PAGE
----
Monarch butterflies scarce this season
All the monarch butterflies were in pictures at a workshop on the famous flutterers in Genoa on Saturday.
A score of people attended the event at Whit Hall on the Riverfork Ranch, but the only monarchs in evidence were in pictures.
“This is the second full house this year,” said River Fork Ranch Preserve Manager Lori Leonard. “There’s a lot of interest in the workshops both for the pollinators, as well as what plants people can plant and learning a little more about the lifecycle of the monarch butterfly.”
The news isn’t particularly good for the monarchs, whose numbers appear to be down.
“There’s been a pretty sharp decline,” Leonard said. “They’re not sure what the problems are. There are multiple factors influencing the populations. The butterfly weed is the only plant the caterpillar feeds on. If those plants are being killed, there’s not that source of food.”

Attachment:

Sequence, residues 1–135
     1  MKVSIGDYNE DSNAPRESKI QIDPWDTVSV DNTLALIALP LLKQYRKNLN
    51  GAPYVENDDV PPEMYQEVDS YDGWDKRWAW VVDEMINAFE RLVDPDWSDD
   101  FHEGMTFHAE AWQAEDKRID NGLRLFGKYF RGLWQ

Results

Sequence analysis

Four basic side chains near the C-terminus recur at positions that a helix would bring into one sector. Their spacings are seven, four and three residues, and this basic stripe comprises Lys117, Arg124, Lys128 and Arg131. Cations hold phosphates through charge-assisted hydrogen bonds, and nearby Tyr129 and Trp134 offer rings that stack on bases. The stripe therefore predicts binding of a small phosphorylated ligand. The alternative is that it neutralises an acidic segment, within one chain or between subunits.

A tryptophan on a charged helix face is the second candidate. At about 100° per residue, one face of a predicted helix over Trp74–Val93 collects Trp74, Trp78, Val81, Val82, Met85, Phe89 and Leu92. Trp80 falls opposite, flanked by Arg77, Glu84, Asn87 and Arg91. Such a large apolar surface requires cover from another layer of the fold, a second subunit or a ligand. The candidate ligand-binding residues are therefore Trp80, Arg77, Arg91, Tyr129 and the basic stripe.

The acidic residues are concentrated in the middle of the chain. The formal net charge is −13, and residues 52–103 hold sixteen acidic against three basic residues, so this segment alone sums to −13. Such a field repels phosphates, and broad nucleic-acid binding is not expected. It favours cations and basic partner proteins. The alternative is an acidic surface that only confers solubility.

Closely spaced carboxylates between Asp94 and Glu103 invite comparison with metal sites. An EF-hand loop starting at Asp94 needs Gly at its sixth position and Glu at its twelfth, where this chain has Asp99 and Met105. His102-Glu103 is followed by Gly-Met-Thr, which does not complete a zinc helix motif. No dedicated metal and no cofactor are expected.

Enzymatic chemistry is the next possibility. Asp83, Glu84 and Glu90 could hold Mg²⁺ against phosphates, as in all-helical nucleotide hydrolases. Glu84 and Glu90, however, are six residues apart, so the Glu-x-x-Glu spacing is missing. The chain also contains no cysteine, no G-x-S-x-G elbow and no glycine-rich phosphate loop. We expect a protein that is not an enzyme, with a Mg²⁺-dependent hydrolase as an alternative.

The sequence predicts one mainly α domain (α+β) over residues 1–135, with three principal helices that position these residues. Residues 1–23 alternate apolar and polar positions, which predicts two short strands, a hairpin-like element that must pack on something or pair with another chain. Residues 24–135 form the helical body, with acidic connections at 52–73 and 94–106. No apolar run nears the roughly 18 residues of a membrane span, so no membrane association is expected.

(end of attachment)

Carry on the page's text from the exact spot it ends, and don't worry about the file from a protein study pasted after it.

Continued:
Leonard said that the Riverfork Ranch has planted different types of native milkweed.
“We call them waystations where we have the host plants, blooming plants for adults and water,” she said.
Most monarchs from Nevada migrate to the California coast, making them a distinct population from those who range from Canada to Mexico.
She said anyone interested in putting in native Nevada plants can go through the Washoe State Tree Nursery.
“It’s fun to see the interest and concern from the community here,” Leonard said. “It’s great to have some native options available.”
The Washoe State Tree Nursery is located at 885 Eastlake Blvd., in Washoe Valley. It’s open 9:30 a.m. to 3 p.m. through Oct. 12.